You can also use formats to control the ranges of continuous numeric variables, but in that case the values are no longer continuous but discrete.
Note: You cannot use MIDPOINTS= to exclude
continuous numeric values from the chart because values below or above the
ranges specified by the option are automatically included in the first and
last midpoints, respectively. To exclude continuous numeric values from a
chart, use a WHERE statement in a DATA step or the WHERE= DATA set option.
See also the description of the LEVELS= and MIDPOINTS= options for the appropriate statement.
About Chart Statistics |
The examples given in the descriptions of these statistics
assume a data set with two variables, CITY and SALES. The values of CITY are Denver, Seattle, and Tokyo. There are 21
observations: seven for Denver, nine for Seattle, and five for Tokyo.
You cannot request cumulative frequency with the DONUT,
PIE, PIE3D, or STAR statements.
You cannot request cumulative percentage with the DONUT,
PIE, PIE3D, or STAR statements.
You must use the SUMVAR= option to specify the variable
for which you want the sum statistic.
You must use the SUMVAR= option to specify the variable
for which you want the mean statistic.
For example, to use a variable called COUNT to produce weighted statistics, assign FREQ=COUNT. This table shows how the values of COUNT would affect the statistic calculation:
When COUNT is... | the observation is counted this many times in the statistic calculation... |
1 | 1 |
5 | 5 |
. | 0 |
-3 | 0 |
By default, the percentage and cumulative percentage statistics are calculated based on the frequency. If you want to chart a percentage or cumulative percentage based on a sum, you can use the FREQ= option to specify a variable to use for the "sum" calculation and specify the PCT statistic, as shown in this example:
freq=count type=pct
Because the variable that is used by FREQ= determines the number of times an observation is counted, the value of COUNT is the equivalent of the sum statistic.
See also the descriptions of the TYPE=, SUMVAR=, and FREQ= options for the action statements.
About Patterns |
When a chart needs one or more patterns, the procedure uses either
The following sections summarize pattern behavior for
the GCHART procedure. For more information, see PATTERN Statement.
Specifically, the GCHART procedure uses default patterns and outlines when you
If all of these conditions are true, then the GCHART procedure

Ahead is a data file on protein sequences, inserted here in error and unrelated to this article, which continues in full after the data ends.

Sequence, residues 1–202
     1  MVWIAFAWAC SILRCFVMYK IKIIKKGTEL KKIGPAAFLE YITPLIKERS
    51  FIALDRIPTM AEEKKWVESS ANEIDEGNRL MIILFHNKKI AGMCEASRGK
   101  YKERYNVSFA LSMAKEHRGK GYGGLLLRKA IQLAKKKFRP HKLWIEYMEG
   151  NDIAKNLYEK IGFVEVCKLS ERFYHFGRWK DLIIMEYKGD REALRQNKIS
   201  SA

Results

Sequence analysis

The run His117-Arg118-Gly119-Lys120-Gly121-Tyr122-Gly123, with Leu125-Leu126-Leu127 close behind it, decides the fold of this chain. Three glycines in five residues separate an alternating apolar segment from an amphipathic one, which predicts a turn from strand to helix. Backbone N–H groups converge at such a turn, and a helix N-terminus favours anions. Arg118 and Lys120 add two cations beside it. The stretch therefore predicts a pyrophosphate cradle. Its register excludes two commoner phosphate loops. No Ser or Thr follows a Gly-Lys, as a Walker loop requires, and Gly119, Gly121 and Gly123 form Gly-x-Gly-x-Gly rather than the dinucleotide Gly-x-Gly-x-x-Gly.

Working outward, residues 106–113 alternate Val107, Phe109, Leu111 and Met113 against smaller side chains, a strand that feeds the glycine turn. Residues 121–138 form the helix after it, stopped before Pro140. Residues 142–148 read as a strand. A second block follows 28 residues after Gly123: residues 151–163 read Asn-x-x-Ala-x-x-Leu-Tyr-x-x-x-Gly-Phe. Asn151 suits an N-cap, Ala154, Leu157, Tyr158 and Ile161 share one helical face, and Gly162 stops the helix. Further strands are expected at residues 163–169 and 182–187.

If the procedure needs additional patterns, GCHART selects the next default pattern fill that is appropriate to the type of chart and rotates it through the colors list, skipping the foreground color as before. The procedure continues in this fashion until it has generated enough patterns for the chart.
Changing any of these conditions may change or override the default behavior:
For a description of these graphics options, see
Graphics Options and Device Parameters Dictionary.
You can use PATTERN statements to explicitly specify patterns, including color or fill type or both. Different types of charts require different types of pattern fills. For complete information on all pattern types, see PATTERN Statement. See also the section on controlling patterns and colors for each chart type.
When you use PATTERN statements, the procedure uses the specified patterns until all of the PATTERN definitions they generate have been used. Then, if more patterns are required, it returns to the default pattern rotation.
Whenever you specify any PATTERN statement, the default pattern outline changes. Instead of the foreground color, the outline color is the same as the fill color; for example, a blue bar has a blue outline. The effect is the same as specifying COUTLINE=SAME. Even when the procedure runs out of user-defined patterns and generates default patterns, the outlines continue to match the interior pattern color.
To change the outline color of any pattern, whether
default or user-defined, use the COUTLINE= option in the action statement
that generates the chart.
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Copyright 1999 by SAS Institute Inc., Cary, NC, USA. All rights reserved.